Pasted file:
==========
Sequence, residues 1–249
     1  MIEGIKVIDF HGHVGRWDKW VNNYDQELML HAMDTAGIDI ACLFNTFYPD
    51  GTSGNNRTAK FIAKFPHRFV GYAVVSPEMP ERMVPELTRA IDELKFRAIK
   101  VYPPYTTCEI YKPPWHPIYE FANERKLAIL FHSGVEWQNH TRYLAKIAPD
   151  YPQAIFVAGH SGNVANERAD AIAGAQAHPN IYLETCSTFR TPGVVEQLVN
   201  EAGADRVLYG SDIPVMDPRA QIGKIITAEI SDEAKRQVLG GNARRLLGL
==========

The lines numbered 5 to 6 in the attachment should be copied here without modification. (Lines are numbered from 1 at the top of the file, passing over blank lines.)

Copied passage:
   151  YPQAIFVAGH SGNVANERAD AIAGAQAHPN IYLETCSTFR TPGVVEQLVN
   201  EAGADRVLYG SDIPVMDPRA QIGKIITAEI SDEAKRQVLG GNARRLLGL